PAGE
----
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 Post subject: Re: Lawn burweed infestation
PostPosted: Sat Aug 14, 2010 7:23 pm 
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If you are unwilling to water then you might be doomed to weird weeds. I am very happy with my oscillating sprinkler and have put all my other sprinklers on the shelf. St Aug must have water every week if it is to dominate. But if this is a broadleaf weed, you will eventually have to pull it out or spray it with vinegar. St Aug is terrible at resisting broadleaf weeds.

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 Post subject: Re: Lawn burweed infestation
PostPosted: Sun Aug 15, 2010 10:51 am 
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Location: Conroe, Tx North of Houston
I love all my other weeds just fine. I could water my yard once a week but it takes most of the night to do the entire yard with a hose sprinkler. The sprinkler system I inherited with the yard eats $100 a month in electric just in standby mode. When I shut the power off to the box, I had a fabulous electric bill for the first time since I moved into the home. Plus I have not used it since the hard freeze. It may need maintenance before I can use it again. I am considering ripping it all out and redoing it myself. I used to water all the time before the discovery of the electrical drainage and the burweed dominated it even with the watering.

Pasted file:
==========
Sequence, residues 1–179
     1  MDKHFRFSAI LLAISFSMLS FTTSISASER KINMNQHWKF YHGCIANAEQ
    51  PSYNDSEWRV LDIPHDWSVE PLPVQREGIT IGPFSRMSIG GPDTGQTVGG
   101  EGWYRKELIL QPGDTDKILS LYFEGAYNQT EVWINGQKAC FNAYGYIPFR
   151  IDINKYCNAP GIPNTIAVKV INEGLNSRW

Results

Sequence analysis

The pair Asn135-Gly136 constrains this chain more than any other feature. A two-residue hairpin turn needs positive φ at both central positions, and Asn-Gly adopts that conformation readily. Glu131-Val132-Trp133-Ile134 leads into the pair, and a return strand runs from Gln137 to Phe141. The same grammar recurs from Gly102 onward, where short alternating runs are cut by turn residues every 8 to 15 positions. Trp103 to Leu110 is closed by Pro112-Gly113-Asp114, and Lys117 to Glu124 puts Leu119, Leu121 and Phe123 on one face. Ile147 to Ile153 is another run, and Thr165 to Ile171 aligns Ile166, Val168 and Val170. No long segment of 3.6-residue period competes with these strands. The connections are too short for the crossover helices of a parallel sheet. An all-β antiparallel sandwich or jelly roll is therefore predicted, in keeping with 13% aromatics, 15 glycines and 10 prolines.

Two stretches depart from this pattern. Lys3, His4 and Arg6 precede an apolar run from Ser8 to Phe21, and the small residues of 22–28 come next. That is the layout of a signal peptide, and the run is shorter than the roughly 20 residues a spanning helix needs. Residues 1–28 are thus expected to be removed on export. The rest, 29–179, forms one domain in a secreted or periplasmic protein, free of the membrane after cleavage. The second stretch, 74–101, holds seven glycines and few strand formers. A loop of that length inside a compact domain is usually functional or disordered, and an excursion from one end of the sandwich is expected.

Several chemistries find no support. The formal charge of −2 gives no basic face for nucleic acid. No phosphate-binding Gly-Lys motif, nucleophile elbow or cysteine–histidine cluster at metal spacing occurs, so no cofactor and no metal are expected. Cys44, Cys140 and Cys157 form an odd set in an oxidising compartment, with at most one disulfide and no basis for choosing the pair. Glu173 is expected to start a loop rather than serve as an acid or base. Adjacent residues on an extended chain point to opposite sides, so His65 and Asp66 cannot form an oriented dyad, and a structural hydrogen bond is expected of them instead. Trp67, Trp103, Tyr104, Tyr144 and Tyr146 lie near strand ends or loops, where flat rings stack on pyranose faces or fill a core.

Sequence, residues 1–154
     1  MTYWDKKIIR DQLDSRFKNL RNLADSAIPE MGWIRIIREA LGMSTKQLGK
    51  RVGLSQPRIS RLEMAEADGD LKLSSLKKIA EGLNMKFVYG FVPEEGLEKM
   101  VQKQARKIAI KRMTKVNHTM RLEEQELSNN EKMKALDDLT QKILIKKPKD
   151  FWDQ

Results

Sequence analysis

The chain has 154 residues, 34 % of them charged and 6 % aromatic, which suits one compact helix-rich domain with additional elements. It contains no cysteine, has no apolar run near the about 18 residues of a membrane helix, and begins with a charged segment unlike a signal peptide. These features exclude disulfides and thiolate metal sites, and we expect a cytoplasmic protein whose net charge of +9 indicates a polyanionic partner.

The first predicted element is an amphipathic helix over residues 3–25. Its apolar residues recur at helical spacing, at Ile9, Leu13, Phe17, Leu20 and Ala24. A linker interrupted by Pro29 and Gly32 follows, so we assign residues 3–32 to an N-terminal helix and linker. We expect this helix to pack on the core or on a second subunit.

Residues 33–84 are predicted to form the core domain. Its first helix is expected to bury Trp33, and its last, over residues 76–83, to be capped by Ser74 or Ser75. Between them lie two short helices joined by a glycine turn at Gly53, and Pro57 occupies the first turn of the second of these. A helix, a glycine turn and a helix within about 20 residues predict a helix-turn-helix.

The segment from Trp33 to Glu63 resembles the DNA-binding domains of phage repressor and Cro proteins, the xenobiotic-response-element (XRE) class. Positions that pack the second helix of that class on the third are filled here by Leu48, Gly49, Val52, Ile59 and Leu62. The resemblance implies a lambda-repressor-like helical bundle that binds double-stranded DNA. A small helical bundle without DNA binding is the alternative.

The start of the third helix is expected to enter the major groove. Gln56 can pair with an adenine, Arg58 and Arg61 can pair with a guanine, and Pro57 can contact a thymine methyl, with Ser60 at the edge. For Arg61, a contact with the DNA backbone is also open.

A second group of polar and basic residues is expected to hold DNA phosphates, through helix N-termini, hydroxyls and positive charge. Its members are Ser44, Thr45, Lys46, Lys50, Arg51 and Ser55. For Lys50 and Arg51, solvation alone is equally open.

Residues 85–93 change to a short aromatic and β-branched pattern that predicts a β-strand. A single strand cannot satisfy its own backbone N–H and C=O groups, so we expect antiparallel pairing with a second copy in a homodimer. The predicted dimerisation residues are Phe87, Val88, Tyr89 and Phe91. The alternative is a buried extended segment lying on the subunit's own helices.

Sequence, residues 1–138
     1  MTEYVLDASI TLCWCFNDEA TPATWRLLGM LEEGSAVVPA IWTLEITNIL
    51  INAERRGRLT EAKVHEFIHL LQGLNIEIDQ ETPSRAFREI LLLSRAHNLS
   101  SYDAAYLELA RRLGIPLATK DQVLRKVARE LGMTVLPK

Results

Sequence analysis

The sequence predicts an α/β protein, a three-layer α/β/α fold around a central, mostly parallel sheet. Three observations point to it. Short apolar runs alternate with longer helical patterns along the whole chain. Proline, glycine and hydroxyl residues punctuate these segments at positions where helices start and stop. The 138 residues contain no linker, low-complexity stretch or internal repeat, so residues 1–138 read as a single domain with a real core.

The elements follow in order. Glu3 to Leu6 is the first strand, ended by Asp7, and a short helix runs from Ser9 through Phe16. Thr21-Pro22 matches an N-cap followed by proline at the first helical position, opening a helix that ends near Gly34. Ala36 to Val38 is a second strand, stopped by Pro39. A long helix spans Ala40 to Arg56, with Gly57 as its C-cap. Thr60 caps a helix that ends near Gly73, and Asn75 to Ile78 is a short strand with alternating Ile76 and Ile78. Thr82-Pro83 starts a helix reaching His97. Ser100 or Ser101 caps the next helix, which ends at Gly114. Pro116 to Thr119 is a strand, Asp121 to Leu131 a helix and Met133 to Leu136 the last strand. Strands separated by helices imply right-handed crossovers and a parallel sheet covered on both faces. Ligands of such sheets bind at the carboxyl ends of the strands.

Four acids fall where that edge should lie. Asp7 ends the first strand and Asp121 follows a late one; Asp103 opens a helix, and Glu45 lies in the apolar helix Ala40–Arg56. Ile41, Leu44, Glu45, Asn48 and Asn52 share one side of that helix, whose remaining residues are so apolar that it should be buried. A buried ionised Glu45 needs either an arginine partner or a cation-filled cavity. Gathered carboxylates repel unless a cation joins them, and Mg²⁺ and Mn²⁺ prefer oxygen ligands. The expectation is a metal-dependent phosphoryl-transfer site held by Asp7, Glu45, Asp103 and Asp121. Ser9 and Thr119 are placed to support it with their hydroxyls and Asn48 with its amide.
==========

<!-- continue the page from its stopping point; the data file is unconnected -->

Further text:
You can't pull the burweed. It is too tiny and too prevalent. I tried that idea. If I attack the burweed in the spring, I may be able to have better control over it with the vinegar. I will test it when I see it again. How often do I need to water when I use the vinegar?


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 Post subject: Re: Lawn burweed infestation
PostPosted: Sun Aug 15, 2010 2:50 pm 
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Vinegar is a foliar spray, not a soil drench. It will kill the grass surrounding the weed, too.

You water an inch a week, to start, no matter what.

As you have figured out, something is wrong with your electrical.

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 Post subject: Re: Lawn burweed infestation
PostPosted: Sun Aug 15, 2010 4:25 pm 
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Location: Conroe, Tx North of Houston
Hmmm, ok, thanks for the needed input. I assumed it would kill everything. I may just do the worst areas at first and let the grass grow back in. Sounds like I may be doing torch, weeding and spraying a little at a time and see if I can get back control over the infestation. I sure appreciate the input here. I have a feeling this will be a long term fight.

I did notice one place I was researching also mentioned to drag a cloth around the yard and pick up the stickers so they would not reseed so much. That will be done on the mature weed specimens next year. I thought I would include that in case another person finds this thread. I am thinking cheesecloth then throw that booger in the trash. Maybe put a cloth bag inside it filled with dirt or sand for weight and tow it around the yard, turning it over and over til the bag was all covered then dispose.